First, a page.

- Written by Dr. Lori Verderame Dr. Lori Verderame
John Ringling was a world-class collector with the means to collect some of the finest art and antiques.
The opportunity to source, acquire, and transport historic art and antique objects from around the globe resulted in the entertainment giant bringing highly sought-after pieces home to the United States.
The legendary circus king’s collection is on display in the John and Mable Ringling Museum of Art in Sarasota, Florida. The Ringling Museum houses more than 10,000 objects of international art and antiques from various eras.
Many of the collections on display in Sarasota derive from the 1936 bequest of John Ringling, including his mansion home and summer residence called Cà d’Zan, as well as his private art museum.
Located on the picturesque and sprawling 66-acre Ringling estate on Sarasota Bay, the museum features an Italianate mansion with Venetian gothic revival architecture, filled with art and antiques, a jewel box theater, and a circus collectibles and memorabilia museum.
The 56-room mansion—completed in 1925 along manicured, waterfront grounds with adjacent rose gardens—was named for Mable Ringling, John’s wife.
In 1931, the Ringling Museum of Art opened to display works of art by great masters, including the Spaniard Velazquez, Venetian colorist Veronese, Greek Mannerist El Greco, British portraitist Gainsborough, and the list goes on.
The art museum features paintings and sculptures from the Renaissance period to the present day in diverse media. Fine objects are on display in the museum’s permanent collection galleries and temporary exhibition spaces.
The personal impact of the Ringling family—as art collectors, philanthropists, and traveling entertainment innovators—is evident in the Circus Museum, which thrills visitors young and old alike and remains on the grounds of the Ringling museum compound.
The main attraction of the Circus Museum is the Howard Tibbals circus model, a 3,800-square-foot real-life replica of the Ringling Bros. & Barnum and Bailey Circus. The model was named for its maker and includes 152 circus wagons, 1,300 circus performers and workers, 800 animals, and a circus train.
While the Ringling museum is nothing short of spectacular, John Ringling was known for his business and advertising acumen.
Nothing says “circus advertisement” better than famous and popular Ringling Bros. circus posters with images of animals, sideshow acts, and featured performers. Many people collect these highly prized printed lithographic posters that were used to advertise attractions when the circus came to town.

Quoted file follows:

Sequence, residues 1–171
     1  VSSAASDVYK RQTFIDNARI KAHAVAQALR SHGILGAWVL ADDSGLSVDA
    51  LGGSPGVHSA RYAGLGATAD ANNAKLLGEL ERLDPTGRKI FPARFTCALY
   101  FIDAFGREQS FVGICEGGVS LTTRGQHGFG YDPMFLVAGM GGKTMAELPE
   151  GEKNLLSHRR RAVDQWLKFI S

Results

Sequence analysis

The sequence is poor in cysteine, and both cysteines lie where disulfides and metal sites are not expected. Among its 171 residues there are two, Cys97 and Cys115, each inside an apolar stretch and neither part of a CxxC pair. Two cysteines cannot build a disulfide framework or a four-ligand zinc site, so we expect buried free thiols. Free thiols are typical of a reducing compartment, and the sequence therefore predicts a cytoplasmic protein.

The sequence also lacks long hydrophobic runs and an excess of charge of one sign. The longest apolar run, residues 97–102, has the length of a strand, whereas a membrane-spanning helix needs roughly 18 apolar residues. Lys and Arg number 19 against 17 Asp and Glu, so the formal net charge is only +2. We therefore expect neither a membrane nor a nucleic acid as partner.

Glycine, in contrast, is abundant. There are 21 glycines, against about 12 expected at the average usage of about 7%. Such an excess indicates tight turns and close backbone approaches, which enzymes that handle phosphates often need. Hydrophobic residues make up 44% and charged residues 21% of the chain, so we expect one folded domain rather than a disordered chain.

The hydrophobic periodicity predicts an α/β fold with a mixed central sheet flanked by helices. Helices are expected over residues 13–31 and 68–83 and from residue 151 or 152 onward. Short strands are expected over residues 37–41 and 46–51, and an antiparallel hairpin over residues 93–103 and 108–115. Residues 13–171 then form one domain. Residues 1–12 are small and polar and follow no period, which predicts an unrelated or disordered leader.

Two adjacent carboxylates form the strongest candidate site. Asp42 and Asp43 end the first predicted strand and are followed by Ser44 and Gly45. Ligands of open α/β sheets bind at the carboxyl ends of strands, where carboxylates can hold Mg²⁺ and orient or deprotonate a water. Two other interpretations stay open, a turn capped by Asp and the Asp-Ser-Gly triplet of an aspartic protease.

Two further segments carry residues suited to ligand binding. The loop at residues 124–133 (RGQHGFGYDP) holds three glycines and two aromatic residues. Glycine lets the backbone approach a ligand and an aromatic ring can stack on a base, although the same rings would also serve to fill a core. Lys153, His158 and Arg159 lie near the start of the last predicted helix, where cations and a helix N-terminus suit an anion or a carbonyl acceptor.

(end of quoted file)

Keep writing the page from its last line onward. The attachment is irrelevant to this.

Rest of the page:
The Strobridge Lithographing Company of Cincinnati, Ohio, produced the circus posters for Ringling Bros. & Barnum and Bailey Circus, which are now collectible and valuable. These posters were produced from circa 1878-1939 and featured images from the golden age of the circus.
Advertising images show attractions such as the great menagerie of exotic animals, specialty sideshow clowns, and daring center-ring events that showcase the magic of the circus from the late 1800s to the early 1900s.
For circus-poster collectors, it is important to note that in 1971, Ringling Bros. & Barnum and Bailey Circus reissued some of the more popular posters in an effort to promote their new combined shows.
Look for the telltale signs of an original Ringling circus poster: the lithographer’s markings, the beige color of the paper showing signs of the acid tanning that occurs over time, and the thin paper stock that was easy to post around town to advertise the circus’s arrival dates and attractions.
When it comes to collecting Ringling Bros. circus posters, condition, preservation, and imagery will impact value considerably. Certain poster imagery will command greater value than others, such as the Fat Lady, Gargantua the Ape, or Felix the Clown.
Some collectors want posters in mint or pristine condition; other collectors don’t really mind if a poster has been posted with pinholes in the top corners because posting these posters was their intended use.
The market has been kind to the circus, as these posters still command high prices upward of $25,000, depending on many factors. And, with the 146-year circus having ended in May 2017, these collectibles will quickly become scarce.
Dr. Lori Verderame is a Ph.D. antiques appraiser, author, and award-winning TV personality who stars on History channel’s The Curse of Oak Island. Dr. Lori presents antique appraisal events to worldwide audiences and reviews objects online at www.DrLoriV.com or (888) 431-1010.